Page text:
Reminds me of a TV show (the clip).
RENTAL CAR AGENT: I know why we have reservations.
JERRY: I don't think you do. If you did, I'd have a car. See, you know how to take the reservation, you just don't know how to *hold* the reservation and that's really the most important part of the reservation, the holding. Anybody can just take them.
Come to think of it, I think I'll start offering reservations for Wii's. Only $10. But, um, please do keep in mind that, as I cannot control production and shipping issues by the manufacturer, a reservation deposit does not guarantee receipt of a system available to purchase at launch. Or, honestly, at any other time. You may drop by and play my NEX, however, if you call ahead. Limit ten (10) per household.
The major game chains took a major credibility hit during the X-box 360 launch.
Now many of them are either putting hedge language like this in their agreements (which I don't think would stand legal scrutiny -- if it doesn't guarantee the reserver a system then what is he paying for?), or offering absurdly low numbers of pre-orders, like my local EB games which ran out of Wii reservations after 30 minutes (and it's not even anticipated to run out of systems with with Nintendo promising 7 million of 'em available by the end of the year).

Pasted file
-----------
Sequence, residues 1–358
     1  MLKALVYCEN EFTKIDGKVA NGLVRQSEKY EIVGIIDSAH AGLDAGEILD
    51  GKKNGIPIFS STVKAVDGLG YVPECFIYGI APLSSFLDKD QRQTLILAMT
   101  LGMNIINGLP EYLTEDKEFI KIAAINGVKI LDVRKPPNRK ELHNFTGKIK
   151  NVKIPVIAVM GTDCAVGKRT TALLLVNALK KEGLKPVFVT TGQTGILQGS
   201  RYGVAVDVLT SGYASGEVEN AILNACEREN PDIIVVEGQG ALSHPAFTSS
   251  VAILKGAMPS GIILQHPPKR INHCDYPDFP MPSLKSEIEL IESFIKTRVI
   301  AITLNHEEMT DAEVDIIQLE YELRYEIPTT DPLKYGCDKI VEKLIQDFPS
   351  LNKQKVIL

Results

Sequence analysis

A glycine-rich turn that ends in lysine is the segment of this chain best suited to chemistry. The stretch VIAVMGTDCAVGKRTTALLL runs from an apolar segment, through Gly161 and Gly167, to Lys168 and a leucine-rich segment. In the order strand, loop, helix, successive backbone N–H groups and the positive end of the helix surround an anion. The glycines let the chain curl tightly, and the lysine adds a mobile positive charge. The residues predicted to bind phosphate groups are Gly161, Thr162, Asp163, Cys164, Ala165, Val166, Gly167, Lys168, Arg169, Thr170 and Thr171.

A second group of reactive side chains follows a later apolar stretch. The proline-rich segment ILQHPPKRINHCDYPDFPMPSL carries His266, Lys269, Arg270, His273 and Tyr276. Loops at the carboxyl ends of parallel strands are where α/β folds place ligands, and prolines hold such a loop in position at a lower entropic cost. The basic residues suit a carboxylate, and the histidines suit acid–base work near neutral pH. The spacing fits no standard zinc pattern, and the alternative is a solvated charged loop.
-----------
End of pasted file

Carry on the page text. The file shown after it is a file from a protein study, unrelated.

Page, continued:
There is a small local game store near me, called "KB Games." They probably chose the name to attempt to confuse people into buying there, but I still like them for some reason. They seem to have a little bit more of a soul to them than the ConHugeCo that runs EB. The guy who runs it seems a little iffish about Wii though -- shame, as those little shops could stand to really clean up if they were to offer a decent preorder system.
All of this preorder business is a lawsuit waiting to happen when the wrong customer doesn't get little Johnny's PSwhatever after putting whatever ridiculous amount they ask down.
And I agree, taking money without guaranteeing a product is probably shady business as far as the law is concerned.